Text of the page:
Charles Murray II on Conversations with Bill Kristol

Friday, September 23rd, 2016

Bill Kristol converses with Charles Murray about the current political moment, a universal basic income, constitutionalism and nationalism, and The Bell Curve:


  1. Faze says:

    Charles Murray is good here as elsewhere, however he does perpetuate a fallacy when he (in a very minor point) partially attributes the demoralization of white working class men of the Vietnam era to the fact that “They couldn’t wear their [military] uniforms when they got home because they would have been spat on.”

    The truth is that there are no verifiable first-hand accounts of returning veterans being spat on by anti-war protestors. I was a radical leftist in the 1960s (obviously not now) and deeply involved in the anti-war movement and as I recall any radical who spoke disdainfully about men in the service or blamed Vietnam veterans for the war would immediately be suspected of being a law-enforcement plant or agent provocateur. Nobody but a cop would use the phrase “baby killer” except in reference to LBJ, Nixon or Kissinger — if then.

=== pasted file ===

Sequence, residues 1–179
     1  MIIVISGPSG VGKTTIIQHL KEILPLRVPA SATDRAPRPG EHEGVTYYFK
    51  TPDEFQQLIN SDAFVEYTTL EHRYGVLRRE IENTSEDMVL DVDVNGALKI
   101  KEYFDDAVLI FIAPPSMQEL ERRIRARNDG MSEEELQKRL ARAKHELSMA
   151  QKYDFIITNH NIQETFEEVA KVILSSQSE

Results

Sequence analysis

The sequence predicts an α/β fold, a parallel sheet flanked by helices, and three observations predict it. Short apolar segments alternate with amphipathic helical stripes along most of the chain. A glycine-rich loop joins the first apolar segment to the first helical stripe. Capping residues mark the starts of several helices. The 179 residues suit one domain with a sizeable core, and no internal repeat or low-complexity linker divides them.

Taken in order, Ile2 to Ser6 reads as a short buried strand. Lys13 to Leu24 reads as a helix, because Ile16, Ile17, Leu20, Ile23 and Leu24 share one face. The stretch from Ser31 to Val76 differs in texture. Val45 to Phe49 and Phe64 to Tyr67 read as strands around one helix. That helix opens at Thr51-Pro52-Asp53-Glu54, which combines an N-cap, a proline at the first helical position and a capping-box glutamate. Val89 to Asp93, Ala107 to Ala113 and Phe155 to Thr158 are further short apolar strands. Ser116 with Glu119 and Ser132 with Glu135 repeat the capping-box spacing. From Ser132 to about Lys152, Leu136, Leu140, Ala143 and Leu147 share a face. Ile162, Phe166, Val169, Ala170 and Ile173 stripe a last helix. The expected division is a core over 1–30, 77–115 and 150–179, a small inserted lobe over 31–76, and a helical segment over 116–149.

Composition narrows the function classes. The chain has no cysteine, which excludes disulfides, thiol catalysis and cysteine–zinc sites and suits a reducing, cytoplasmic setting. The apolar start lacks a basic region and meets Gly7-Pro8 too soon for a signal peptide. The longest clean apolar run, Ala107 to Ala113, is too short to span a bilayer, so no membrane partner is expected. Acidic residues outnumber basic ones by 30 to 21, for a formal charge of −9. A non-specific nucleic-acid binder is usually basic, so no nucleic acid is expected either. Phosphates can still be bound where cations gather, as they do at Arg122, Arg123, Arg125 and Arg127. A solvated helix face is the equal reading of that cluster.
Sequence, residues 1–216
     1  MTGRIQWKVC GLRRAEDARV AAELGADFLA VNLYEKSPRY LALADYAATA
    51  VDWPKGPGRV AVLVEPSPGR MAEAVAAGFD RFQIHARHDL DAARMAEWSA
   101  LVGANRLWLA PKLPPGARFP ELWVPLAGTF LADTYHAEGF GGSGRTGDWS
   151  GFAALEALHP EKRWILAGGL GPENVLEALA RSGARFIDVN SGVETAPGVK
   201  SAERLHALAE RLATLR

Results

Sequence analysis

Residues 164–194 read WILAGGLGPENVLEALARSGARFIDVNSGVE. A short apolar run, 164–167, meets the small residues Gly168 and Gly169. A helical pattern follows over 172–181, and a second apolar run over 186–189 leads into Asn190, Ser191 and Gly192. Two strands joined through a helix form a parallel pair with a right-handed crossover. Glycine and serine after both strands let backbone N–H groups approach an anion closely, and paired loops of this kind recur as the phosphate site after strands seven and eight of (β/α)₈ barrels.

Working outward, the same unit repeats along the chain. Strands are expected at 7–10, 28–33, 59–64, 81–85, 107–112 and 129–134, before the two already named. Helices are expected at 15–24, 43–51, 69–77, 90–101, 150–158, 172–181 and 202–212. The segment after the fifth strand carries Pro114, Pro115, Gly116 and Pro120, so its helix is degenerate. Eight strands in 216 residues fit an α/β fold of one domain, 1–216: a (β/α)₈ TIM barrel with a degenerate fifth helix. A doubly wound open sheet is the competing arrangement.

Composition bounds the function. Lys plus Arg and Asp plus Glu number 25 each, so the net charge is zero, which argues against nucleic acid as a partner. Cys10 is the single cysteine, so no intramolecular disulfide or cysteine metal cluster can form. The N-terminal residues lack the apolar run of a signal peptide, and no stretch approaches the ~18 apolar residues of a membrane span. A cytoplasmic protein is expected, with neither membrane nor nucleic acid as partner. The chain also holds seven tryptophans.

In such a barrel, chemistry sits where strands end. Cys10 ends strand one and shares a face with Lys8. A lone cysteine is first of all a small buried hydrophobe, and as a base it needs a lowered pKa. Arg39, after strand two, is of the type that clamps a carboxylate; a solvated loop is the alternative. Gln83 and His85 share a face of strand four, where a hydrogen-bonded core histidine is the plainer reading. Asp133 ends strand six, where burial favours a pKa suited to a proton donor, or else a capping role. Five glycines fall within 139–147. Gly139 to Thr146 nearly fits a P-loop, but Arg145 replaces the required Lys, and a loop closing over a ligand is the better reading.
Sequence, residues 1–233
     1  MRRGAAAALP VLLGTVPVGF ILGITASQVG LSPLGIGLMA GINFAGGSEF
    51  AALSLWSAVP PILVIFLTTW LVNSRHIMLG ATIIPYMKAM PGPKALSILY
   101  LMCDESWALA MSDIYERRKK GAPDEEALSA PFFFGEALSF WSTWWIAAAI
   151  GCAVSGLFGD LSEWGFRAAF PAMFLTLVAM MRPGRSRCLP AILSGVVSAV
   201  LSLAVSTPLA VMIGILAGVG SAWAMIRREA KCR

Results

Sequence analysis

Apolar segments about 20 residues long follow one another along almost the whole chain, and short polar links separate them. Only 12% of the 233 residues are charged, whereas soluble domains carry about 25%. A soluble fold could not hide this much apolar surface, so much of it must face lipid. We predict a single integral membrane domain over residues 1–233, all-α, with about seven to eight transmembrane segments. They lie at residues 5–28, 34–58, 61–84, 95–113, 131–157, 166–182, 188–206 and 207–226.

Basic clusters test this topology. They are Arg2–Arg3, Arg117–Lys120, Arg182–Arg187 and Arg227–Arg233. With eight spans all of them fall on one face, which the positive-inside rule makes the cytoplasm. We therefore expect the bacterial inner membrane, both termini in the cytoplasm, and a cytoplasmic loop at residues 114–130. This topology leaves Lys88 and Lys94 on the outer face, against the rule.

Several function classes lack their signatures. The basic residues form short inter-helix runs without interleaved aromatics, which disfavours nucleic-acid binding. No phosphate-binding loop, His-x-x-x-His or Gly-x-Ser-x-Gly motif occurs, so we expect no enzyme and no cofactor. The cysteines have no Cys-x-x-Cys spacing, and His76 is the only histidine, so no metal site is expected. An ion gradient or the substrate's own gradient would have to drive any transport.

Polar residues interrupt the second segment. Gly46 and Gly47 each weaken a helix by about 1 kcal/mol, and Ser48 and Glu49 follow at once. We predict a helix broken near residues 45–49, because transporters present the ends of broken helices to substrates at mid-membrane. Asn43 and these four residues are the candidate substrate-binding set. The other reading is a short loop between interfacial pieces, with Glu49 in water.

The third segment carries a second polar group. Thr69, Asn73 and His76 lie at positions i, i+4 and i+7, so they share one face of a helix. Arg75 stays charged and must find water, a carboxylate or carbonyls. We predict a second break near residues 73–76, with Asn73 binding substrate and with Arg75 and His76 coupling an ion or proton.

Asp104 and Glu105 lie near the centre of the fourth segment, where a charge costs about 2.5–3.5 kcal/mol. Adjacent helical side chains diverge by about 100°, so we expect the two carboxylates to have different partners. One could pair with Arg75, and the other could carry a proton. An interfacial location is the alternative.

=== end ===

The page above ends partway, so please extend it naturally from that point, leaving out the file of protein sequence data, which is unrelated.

The 60s were the draft era, and the men in uniform were our coevals, friends, neighbors, and relatives. We felt sorry for them, and we envied their macho credibility. But not even the biggest assholes I met in the anti-war movement (and there were plenty) blamed them for the war or anything they might have done overseas (Jane Fonda doesn’t count).

    Also, I’m pretty sure that even the most deranged hippie wouldn’t care to risk the severe beating that would inevitably result from being close enough to spit on a man in uniform, and actually doing so. So let us lay this spitting on servicemen thing to rest — the truth about the anti-war left is repulsive enough.

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